(b) Tides have to do with the difference in pulls on the opposite sides of Earth. The difference between the Moon’s pull on the near side of Earth and the far side of Earth is greater than the same difference due to the pull of the Sun.
9-18. Pull = ? By mass, the Sun pulls 330,000 times harder on you than Earth does. By distance the Sun pulls as hard on you. So So Earth pulls harder on you. More formally, Taking the ratio of these two forces: Again, Earth pulls harder on you.
9-19. (a) From Two Earth radii above Earth’s surface is three Earth radii from Earth’s center. At three times the distance from Earth’s center, g is one-ninth as strong so the distance risen is nine times greater.
9-20. (a) Add the three forces on one asteroid due to the others. The diagram considers the forces on the upper-left asteroid:
Force Due To: x-component y-component
Lower left mass
Upper right mass
Lower right mass cos45º
SUM TOTAL (1 + )
–(1 + )
The force will be the same on any of the masses, and the direction will always be pointing diagonally across the square from the selected mass.
(b) The force on a dust speck at the center will be zero. Since the masses are distributed symmetrically about the center, the attraction from each pair of opposing masses will cancel out.
9-22. As acceleration due to gravity, g has unit of acceleration, As gravitational field strength, g is , which has units . The units are equivalent:
9-23. For a freely falling body of mass m, For a freely-falling body of mass 2m,
9-24. Assume that we can model the twins as uniform spheres with centers separated by 1 m. Let mT be the mass of each twin. The force between the twins is The weight of the dust speck is These two forces are about the same.
9-28. The questions asks us to compare the gravitational force at two different locations, which suggests that we set up the problem as a ratio:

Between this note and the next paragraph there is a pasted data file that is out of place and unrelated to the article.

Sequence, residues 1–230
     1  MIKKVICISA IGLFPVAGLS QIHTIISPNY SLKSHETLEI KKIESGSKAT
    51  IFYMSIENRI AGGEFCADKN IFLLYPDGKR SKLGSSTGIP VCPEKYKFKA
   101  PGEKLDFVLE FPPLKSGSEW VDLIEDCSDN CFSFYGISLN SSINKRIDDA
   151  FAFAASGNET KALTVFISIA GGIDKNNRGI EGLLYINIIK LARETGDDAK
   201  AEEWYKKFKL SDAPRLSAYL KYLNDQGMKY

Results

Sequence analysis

9-29. (a) gVenus = ?
9-31. (a) To decrease g to 0.0001 m/s2 (the value of g on the asteroid’s surface), g has to decrease by a factor So d has to increase by a factor of . So you have to be about 300 Earth radii farther from Earth’s center to experience this same acceleration due to gravity.
9-32. (a) (W = mg produces essentially the same answer).
(b) Notice that the distance we use is the distance from the center of Earth, REarth + h, and that all distances have to be in meters to be consistent with the units of G.
9-33. rJack = ? We want to find rJack such that . Since d must increase to of its original value, More formally:
9-34. The Sun pulls with more than twice as much force on the Moon as Earth does.
9-36. (a) We want to calculate the gravitational force between the Sun and 1 kg of water where the water is on the side of Earth nearer the Sun, a distance dES – RE away from the Sun; calculate the force when the 1 kg of water is on the side of Earth farther from the Sun, a distance dES + RE away from the Sun; and then take the difference of these two forces. Formally: =1.00 10-6 N.
(b) Likewise, here we want to calculate the gravitational force between the Moon and 1 kg of water where the water is on the side of Earth nearer the Moon, a distance dEM – RE away from the Moon; calculate the force when the 1 kg of water on the side of Earth farther from the Moon, a distance dEM + RE away from the Moon; and then take the difference of these two forces. Formally: =2.21 10-6 N.
(c) Tides have to do with the difference in pulls on the opposite sides of Earth. The effect of the Moon’s gravity on Earth’s tides is 2.2 times larger than that of the Sun’s gravity.
9-37. Located two Earth radii above the Earth, the melon is three Earth radii from Earth’s center.
The force from the mountain pulling on you is larger than the force on you from the Moon.
9-39. To simplify, consider the mom and her bouncing baby to be spheres. Then The force of the mom on the baby is more than eight times greater than the force of Mars on the baby.